Bring pupils to books

Well-planned author visits can boost literacy across the school
3rd October 2014, 1:00am
Niki Davison


Bring pupils to books

One of the most successful methods of promoting reading for pleasure among students is to host a visiting author. Thankfully, such events are becoming easier to arrange with the help of forward-thinking independent bookstores and booksellers, many of which have the connections to enable schools to source top-quality authors free of charge. But are author visits worth all the hours of preparation required to make them a success? Below are some of the pros and cons.

The benefits

l Authors are real people. Good authors will entertain your students for an hour and motivate them to read something, even if it is just the book they have come to promote. The very best authors will go one step further by spending some time talking about how they started writing. Although their stories are often unremarkable - either they have written since they were a child or they were bored in their day job - they use them to demystify the creative process and to introduce young people to the idea that a career in writing is not only open to them, but also achievable.

l Inspectors love you. Over the past few years, the promotion of reading for pleasure has been a hot topic for schools inspections, and an author visit will very likely tick all the boxes on any literacy-related decree. Author visits can (jargon alert) strengthen your whole-school literacy culture and have a positive impact on all pupils, including reluctant readers and those with special educational needs, by engaging them in a world beyond the classroom and opening their eyes to new genres.

l Teachers love you. Who doesn't appreciate a free period every so often?

Perils to avoid

l Authors are real people. Unfortunately, just because authors can write fantastic fiction for young people, it doesn't necessarily mean they can deliver an interesting and engaging presentation in person. Be sure to do your research and choose authors well. The price of not doing so is that you will put your students off books faster than you can say "reluctant reader".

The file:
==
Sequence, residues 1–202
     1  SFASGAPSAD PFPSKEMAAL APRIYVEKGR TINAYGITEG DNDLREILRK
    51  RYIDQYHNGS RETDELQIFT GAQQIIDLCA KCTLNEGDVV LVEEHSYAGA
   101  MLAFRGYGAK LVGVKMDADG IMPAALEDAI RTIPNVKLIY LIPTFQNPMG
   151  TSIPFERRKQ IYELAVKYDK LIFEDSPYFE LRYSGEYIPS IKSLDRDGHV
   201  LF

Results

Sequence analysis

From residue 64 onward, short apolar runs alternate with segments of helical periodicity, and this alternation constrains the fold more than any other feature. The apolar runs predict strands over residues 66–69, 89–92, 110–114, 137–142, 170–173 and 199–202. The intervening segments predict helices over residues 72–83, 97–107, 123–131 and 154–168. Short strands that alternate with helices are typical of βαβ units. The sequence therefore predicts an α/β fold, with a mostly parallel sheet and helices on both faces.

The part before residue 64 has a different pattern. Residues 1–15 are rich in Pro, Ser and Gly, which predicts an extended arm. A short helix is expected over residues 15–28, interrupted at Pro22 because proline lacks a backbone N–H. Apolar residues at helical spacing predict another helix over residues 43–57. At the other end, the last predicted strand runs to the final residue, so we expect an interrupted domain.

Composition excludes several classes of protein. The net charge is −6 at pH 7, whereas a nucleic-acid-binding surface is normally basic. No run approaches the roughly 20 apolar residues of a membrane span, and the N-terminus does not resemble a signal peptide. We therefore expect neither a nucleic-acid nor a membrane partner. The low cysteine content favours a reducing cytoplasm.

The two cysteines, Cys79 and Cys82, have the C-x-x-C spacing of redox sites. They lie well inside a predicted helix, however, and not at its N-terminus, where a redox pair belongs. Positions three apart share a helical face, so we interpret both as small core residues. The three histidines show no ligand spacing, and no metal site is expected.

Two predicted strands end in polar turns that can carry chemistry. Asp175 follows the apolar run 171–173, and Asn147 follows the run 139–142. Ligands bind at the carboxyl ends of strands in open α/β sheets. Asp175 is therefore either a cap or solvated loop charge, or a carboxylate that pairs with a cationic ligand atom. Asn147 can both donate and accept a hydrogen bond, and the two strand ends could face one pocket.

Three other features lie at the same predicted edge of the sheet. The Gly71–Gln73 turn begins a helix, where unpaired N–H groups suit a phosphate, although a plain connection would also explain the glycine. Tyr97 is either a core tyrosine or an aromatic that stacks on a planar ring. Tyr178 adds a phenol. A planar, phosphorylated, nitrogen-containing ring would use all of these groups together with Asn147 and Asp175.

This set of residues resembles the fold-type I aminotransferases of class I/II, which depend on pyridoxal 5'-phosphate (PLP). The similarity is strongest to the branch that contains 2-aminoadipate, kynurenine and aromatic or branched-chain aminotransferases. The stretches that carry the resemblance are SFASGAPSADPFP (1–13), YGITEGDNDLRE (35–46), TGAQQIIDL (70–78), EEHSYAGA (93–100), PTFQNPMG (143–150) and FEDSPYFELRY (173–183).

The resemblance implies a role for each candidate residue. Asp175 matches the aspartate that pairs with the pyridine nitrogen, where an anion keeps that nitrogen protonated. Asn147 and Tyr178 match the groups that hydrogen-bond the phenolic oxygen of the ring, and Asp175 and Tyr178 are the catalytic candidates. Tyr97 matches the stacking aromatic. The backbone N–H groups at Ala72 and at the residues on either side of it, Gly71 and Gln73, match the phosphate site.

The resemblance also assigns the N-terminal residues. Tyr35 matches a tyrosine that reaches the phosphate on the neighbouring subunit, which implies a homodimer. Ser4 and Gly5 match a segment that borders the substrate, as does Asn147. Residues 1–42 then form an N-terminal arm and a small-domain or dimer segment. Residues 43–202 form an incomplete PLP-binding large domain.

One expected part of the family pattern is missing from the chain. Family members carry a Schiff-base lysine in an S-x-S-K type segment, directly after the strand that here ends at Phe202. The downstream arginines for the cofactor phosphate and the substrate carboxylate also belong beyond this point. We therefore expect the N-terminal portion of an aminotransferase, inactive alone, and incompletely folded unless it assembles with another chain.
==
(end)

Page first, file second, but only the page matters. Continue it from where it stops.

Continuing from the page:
l Publishers hate you. If you are lucky enough to have an author visit your school for free, it is usually as part of a promotional tour. Be prepared for requests that will seem ridiculous to you but are entirely reasonable from the publisher's perspective. Publicists want every hour to count, so you will probably be asked to ensure large audiences of 250-400, including students from two or three different year groups and students from other schools. "Oh," they will say, "and can you guarantee that you'll sell at least 100 books?" Take a deep breath and try to accommodate their demands. You may find that this gets you first dibs on dates for the author's next big promotional tour.

l Teachers hate you. The whole thing can be seen as yet another interruption, leaving your colleagues despairing, "Will I ever get the chance to teach 8e before the end of this academic year?"

But all in all, my experience has shown me that a little research and a lot of charm can make an author visit one of the most enriching experiences of the school year.

Niki Davison teaches English and drama at Parmiter's School in Watford, Hertfordshire

10 ways to get students reading

1 Library renewals

Get pupils excited about using their class or school library with these challenges, which include rewriting the end of a story and designing a new front cover for a book.


2 Off the shelf

These book boards will motivate pupils to read and review books by authors including Michael Morpurgo and J K Rowling.


3 Cover to cover

Encourage close reading of texts with this large and varied collection of task cards, which can be colour-coded for differentiation.


4 Guided reading

These activities covering non-fiction and fiction texts are a great way to prepare for or follow guided reading sessions.


5 Give us a clue

Try this Taboo-style game in which your pupils must help their teammates to guess a book, author or literary character without using names or specified clue words.


6 Page views

Display these questions about favourite books and characters in your book corner or library to encourage pupils to consider their reading choices.


7 Wall of inspiration

Ask pupils and staff to fill in "book bricks" detailing what their favourite novel is and why, to create a wall display to promote reading.


8 The next chapter

This selection of activities for pupils to use while reading independently can be easily adapted and differentiated.


9 Get into character

In this fun reciprocal reading activity, assign roles such as "character captain" and "discussion director" to encourage cooperation and discussion among students.


10 Literary log

Reinforce pupils' understanding of texts with these reading journal templates.


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